Norma, a friend who lives down the street, won a kayak in a raffle. She’d canoed as a kid, but had never been in a kayak, so she asked me to take her out and give her a few tips. Her request coincided with me trying to get Manyu and Clare out on the water more often, so we made it a group outing.  With Clare and Norma in individual kayaks and Manyu and me together in a canoe, we paddled from the canoe access at Goose Island’s Shelter No. 5 to the boat landing at Hunter’s Point.

The trip turned out to be too long for a first timer. Norma tired about three quarters into it. Exhausted, she climbed into our canoe and became a duffer. Clare towed Norma’s empty kayak. I hadn’t brought a towrope, but we jerry-rigged one by stringing together cords unlaced from my  lifejacket. Norma repeatedly apologized for ruining the trip, and she wouldn’t believe me when I told her I welcomed the extra weight in the canoe. Norma and Manyu weigh about ninety pounds each. With both of them toward the bow and me in the stern, it was the first time all day the canoe was trim.

This is the fourth or fifth outing where I have overestimated the proper length of a day trip with beginners. In each instance, there were extenuating circumstances. On this particular trip, a south wind picked up so much that our boats drifted backwards whenever we stopped paddling. The direction of travel was downstream in a steady current, but forward progress was as hard as if we were heading upstream. When we reached the take out, Manyu complained, “You went too far again. You always do this.” Manyu exaggerated. She should have said “very often” instead of “always.”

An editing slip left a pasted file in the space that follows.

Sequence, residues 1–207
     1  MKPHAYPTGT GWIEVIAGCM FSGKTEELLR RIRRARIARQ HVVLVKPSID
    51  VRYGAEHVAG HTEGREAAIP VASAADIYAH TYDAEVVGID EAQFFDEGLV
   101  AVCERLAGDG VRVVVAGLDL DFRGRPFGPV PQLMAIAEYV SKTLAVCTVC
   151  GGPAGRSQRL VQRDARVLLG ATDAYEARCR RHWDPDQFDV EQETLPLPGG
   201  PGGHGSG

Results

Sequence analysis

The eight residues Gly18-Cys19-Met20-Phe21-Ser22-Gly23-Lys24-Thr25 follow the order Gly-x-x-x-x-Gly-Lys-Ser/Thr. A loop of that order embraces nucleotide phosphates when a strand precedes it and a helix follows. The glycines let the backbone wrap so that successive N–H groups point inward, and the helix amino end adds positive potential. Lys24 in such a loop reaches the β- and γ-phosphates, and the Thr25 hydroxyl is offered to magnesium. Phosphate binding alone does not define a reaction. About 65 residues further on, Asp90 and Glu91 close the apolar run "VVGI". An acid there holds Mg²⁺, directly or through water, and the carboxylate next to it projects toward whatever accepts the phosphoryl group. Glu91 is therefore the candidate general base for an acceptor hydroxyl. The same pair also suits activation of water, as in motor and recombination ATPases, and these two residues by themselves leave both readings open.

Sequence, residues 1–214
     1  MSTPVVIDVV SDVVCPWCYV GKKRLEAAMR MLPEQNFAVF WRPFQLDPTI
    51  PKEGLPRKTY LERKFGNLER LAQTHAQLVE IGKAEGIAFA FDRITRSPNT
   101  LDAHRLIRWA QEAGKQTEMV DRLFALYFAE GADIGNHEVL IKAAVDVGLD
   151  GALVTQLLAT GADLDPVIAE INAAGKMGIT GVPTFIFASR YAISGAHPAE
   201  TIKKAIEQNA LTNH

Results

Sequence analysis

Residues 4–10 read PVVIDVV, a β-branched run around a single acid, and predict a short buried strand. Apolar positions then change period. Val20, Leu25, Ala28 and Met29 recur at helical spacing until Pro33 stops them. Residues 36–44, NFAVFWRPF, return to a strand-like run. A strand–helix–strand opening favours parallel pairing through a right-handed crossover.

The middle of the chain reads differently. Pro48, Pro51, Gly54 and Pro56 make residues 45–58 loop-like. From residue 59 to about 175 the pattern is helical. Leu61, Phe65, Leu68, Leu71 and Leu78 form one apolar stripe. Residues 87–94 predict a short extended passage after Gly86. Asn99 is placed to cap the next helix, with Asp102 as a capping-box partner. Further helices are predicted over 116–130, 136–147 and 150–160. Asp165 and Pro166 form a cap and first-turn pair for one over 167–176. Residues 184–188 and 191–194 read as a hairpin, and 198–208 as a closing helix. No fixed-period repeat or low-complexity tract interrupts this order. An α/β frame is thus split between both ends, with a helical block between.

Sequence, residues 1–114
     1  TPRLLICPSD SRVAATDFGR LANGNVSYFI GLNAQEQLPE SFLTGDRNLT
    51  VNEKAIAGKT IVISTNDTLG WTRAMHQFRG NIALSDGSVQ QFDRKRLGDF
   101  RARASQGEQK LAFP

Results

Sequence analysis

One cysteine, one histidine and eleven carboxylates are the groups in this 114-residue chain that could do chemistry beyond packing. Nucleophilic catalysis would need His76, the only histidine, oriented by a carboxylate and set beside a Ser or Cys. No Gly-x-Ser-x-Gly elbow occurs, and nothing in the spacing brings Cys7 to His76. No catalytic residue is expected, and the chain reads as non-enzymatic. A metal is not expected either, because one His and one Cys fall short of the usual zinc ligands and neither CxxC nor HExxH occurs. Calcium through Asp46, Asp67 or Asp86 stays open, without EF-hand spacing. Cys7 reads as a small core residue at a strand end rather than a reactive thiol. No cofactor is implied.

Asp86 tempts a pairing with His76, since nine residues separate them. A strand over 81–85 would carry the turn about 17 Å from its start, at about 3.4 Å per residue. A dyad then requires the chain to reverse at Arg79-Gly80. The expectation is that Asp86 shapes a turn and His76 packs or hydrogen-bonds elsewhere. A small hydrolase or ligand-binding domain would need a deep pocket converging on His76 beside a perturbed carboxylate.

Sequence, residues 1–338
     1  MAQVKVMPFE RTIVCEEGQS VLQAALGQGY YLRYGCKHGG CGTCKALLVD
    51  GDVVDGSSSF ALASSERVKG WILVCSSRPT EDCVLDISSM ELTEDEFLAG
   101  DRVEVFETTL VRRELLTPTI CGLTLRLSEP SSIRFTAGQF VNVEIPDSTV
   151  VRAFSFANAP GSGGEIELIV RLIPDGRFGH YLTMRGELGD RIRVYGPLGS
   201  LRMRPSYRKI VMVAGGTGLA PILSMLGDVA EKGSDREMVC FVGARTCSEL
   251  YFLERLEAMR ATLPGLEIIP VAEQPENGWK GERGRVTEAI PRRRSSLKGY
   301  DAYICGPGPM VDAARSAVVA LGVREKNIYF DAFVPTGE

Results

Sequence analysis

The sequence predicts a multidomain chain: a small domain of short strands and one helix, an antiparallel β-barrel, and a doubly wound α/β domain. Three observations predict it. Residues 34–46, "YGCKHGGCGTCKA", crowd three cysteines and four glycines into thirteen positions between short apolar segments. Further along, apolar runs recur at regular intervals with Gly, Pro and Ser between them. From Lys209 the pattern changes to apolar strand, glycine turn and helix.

In my opinion, choosing a route with novices is difficult. If I plan a short route and nothing slows us down, people are surprised and disappointed when we finish early. If I extend the route, high winds or lack of current or clunky rental equipment adds a tiring hour and a half to the trip. Even though I know the rule of thumb with beginners should be “leave them wanting more,” my tendency has been to push a little too hard. 

My fondest memory of a trip-too-far was with my sister-in-law, CJ.  When I noticed she was tiring, I took a secret shortcut, only to discover the shortcut completely weeded in. Rather than backtrack, which would have totally demoralized my sister-in-law, I climbed into the water and started dragging canoes and kayaks through thick marsh vegetation. Standing waist deep in marsh muck and using all of my strength to muscle boats through sedges and rushes, CJ looked me in the eyes and exclaimed, “My God, you’re enjoying this!” 

Part of the problem might be that I do enjoy getting myself into minor calamities when I’m outside. I should probably avoid them when I am with other people. 

Steven Simpson